This piece caught my eye straight away, the spotlights beaming down on to the tiara gave off this golden glow which made the diamond-winged Tiara look so elegant and extravagant. This tiara was commissioned by Mary Crewe-Milnes, Duchess of Roxburghe, the inspiration behind this design was the helmets worn by the heroines of Wagner’s opera cycle Der Ring des Nibelungen. This tiara featured in the V&A is the last ever made and this is the first time that it has ever been publicly displayed, which makes it even more of a sight to see. The design is made up of 2,500 cushion-shaped, single-cut and rose-cut diamonds, the wings have been designed to move when worn. Now I don’t know about you but I would certainly like to be walking around with that Tiara on my head.

My next favourite design from the V&A was the sculpture of the Scots monument in Edinburgh, designed by George Kemp.

This beautiful sculpture is based on Princes Street in Edinburgh, I walk pass the actual life size Scots Monument most days so seeing it scaled down to fit in to a tiny room was so crazy to me. The designer George Kemp took inspiration from Scottish medieval architecture which is such a contrast to the rest of the street, seeing the juxtaposition between this 61 meter tall sculpture is intriguing to me because it would normally been a little odd seeing these two styles together but in this case it just makes sense, maybe because of the scale.

This is why the Scots monument is on my favourite list because I see it all the time when walking through Edinburgh and never gave the work that went in behind it a second thought until I see this sculpture in the V&A.

Now we are moving onto the second museum of the day, the Dundee Contemporary Art Gallery. I wish this is where the blog would take a turn and I could tell you that everything was rainbows and sunshine but that’s not happening. I was hoping for something more in the DCA but I did’t get it; however there was one exhibition that I really enjoyed.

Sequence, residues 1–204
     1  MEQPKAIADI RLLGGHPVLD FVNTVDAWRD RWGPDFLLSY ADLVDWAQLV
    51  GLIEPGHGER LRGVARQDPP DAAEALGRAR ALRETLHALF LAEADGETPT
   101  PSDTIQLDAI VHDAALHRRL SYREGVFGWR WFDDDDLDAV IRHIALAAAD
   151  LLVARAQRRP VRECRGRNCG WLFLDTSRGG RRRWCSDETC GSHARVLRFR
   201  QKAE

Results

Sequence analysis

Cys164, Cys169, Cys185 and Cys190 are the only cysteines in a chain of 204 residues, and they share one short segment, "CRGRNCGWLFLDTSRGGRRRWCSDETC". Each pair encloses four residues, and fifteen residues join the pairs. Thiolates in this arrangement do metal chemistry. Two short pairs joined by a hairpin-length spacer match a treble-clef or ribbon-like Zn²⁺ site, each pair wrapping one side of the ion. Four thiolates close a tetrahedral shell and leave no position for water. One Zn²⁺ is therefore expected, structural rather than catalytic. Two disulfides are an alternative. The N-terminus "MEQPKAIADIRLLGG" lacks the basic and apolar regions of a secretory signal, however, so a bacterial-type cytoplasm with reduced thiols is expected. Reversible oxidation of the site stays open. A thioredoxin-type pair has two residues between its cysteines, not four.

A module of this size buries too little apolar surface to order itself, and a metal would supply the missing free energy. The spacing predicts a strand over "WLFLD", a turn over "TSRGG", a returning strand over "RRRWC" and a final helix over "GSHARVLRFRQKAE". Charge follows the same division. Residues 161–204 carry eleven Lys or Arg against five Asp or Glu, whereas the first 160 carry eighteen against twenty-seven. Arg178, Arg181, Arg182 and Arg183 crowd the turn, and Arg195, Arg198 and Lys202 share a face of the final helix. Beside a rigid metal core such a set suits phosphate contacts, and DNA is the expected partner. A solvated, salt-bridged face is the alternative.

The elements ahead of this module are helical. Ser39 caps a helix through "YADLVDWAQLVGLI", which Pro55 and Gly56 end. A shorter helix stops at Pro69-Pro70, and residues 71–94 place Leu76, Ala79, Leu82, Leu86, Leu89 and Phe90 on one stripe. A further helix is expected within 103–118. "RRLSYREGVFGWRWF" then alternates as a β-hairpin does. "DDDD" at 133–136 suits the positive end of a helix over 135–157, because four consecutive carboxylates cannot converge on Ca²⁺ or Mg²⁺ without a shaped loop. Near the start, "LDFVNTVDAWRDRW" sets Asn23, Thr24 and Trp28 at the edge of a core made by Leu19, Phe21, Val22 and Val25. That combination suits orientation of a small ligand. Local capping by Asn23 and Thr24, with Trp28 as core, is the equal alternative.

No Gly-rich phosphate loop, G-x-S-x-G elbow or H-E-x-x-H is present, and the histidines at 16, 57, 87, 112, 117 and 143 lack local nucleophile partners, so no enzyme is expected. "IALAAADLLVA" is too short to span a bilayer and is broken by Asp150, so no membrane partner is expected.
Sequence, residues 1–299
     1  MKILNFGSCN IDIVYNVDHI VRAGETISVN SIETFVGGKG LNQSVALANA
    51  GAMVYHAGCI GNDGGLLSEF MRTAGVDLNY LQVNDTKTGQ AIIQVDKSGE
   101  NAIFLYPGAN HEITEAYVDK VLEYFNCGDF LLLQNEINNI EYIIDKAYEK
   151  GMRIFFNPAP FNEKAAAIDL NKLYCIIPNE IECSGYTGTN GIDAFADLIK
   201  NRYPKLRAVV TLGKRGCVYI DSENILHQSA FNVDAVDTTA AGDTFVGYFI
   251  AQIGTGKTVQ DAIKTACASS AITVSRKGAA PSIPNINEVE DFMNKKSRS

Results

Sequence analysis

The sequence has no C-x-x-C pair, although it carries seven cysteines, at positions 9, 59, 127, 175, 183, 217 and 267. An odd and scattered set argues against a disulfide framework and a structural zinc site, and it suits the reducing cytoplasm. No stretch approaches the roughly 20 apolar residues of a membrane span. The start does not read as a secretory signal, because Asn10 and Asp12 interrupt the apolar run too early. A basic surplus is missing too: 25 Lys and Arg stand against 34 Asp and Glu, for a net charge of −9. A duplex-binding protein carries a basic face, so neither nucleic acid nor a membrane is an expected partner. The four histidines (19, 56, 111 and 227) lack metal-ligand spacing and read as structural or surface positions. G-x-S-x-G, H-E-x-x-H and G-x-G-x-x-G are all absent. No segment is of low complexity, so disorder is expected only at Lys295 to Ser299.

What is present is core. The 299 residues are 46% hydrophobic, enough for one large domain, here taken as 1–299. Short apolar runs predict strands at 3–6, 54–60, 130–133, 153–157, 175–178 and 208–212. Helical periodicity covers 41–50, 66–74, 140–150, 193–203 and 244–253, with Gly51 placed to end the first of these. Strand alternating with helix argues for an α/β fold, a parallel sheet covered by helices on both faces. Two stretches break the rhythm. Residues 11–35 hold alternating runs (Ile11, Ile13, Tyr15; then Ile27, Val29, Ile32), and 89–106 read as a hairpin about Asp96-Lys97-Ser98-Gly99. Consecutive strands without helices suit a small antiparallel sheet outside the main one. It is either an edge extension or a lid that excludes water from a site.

This exhibition is called The Black Flag, this exhibition caught my eye before I even walked into the room, the black frames and black dominant photographs contrasting against the plain white wall really pulled me in, the room just felt so calming (which I needed after coming from the hectic V&A).

This exhibition is showing the North Pole and South Pole and is taking “the form of an immersive photographic and sound installation documenting the process and performance of planting the universal symbol of the anarchist movement — the black flag”. I just really enjoyed this exhibition, it made me think the whole time I was in the room, either trying to figure out what the meaning behind it or thinking about the meaning behind each of the photographs. Theres was also something very calming and surreal about the bold black against the never ending white wall.

So… as you can maybe tell the Dundee trip was pretty disappointing but it was an experience for me and I did enjoy seeing all the exhibitions within the museum.

Interior and Spatial Design @ Edinburgh Napier // Intern @ BRIC Interiors